Buying commercial grade products isn’t always cheap. It can be tempting to go the slightly cheaper route and buy household grade instead. We advise against this, however. As we mentioned, household grade items are packaged in smaller quantities, meaning that you’ll end up buying far more of them in the long run. This doesn’t just apply to cleaners and is equally true for equipment. Even though commercial equipment and cleaners may have a higher price up front, think of the money you’ll be saving over time, and make the investment.

2. CHOOSE EFFICIENCY OVER GIMMICKS

Maybe there’s one product on the market that you find to be really interesting, and you’ve been wanting to try out. The only problem is that it isn’t really practical for your work, and you’d probably only use it once a year for a job that another tool you already have could do perfectly well. In cases like these, the smart thing to do is to pass.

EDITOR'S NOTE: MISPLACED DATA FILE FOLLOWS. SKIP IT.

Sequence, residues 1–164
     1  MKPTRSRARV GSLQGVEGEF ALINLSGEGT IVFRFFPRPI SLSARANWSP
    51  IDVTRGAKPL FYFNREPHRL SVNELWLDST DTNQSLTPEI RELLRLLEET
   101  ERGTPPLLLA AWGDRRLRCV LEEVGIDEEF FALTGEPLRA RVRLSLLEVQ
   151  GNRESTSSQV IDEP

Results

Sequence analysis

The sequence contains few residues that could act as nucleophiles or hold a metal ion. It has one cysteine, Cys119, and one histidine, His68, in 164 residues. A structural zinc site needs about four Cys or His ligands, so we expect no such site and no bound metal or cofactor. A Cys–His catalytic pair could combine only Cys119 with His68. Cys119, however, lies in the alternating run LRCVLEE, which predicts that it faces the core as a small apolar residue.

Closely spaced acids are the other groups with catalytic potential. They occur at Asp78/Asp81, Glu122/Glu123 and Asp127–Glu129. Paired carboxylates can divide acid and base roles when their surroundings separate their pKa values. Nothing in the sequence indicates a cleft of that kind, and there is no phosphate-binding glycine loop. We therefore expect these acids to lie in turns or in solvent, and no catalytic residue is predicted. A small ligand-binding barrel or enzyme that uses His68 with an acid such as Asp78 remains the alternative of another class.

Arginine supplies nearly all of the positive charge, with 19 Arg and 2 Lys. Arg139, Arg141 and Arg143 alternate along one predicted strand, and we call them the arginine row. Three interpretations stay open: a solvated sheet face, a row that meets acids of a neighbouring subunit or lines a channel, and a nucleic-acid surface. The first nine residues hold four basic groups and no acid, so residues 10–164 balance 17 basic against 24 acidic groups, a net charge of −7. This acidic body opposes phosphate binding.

For the maximum efficiency and the greatest use of your budget, try to purchase products that you’ll use frequently. Additionally, think of products that can have multiple uses in many different scenarios.

3. BUY ENOUGH TO ROTATE

With tools like rags, scrubbing brushes and mop heads, you’ll want to make sure to buy enough to go around. These items need to be cleaned frequently, and there’s nothing worse than needing to use one of these items only to find that they’re all dirty. Avoid this scenario by purchasing enough to rotate through them. This way, you should never have a day where you find yourself out of these products.

4. TRY RENTING IT

Pressure washers, floor machines and auto scrubs are all important tools that you’ll likely use occasionally. However, they’re also expensive. As you start out with your cleaning, consider waiting to buy these items. Instead, just rent them as you find yourself needing them. If you realize that you need them frequently, then perhaps the investment is worth it. If not, however, you can save yourself money and hassle by simply skipping them